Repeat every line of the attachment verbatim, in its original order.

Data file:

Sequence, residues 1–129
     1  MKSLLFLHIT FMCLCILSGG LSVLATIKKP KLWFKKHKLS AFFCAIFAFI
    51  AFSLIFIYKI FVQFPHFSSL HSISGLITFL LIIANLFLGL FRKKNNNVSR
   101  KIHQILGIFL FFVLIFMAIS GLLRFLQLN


Sequence, residues 1–129
     1  MKSLLFLHIT FMCLCILSGG LSVLATIKKP KLWFKKHKLS AFFCAIFAFI
    51  AFSLIFIYKI FVQFPHFSSL HSISGLITFL LIIANLFLGL FRKKNNNVSR
   101  KIHQILGIFL FFVLIFMAIS GLLRFLQLN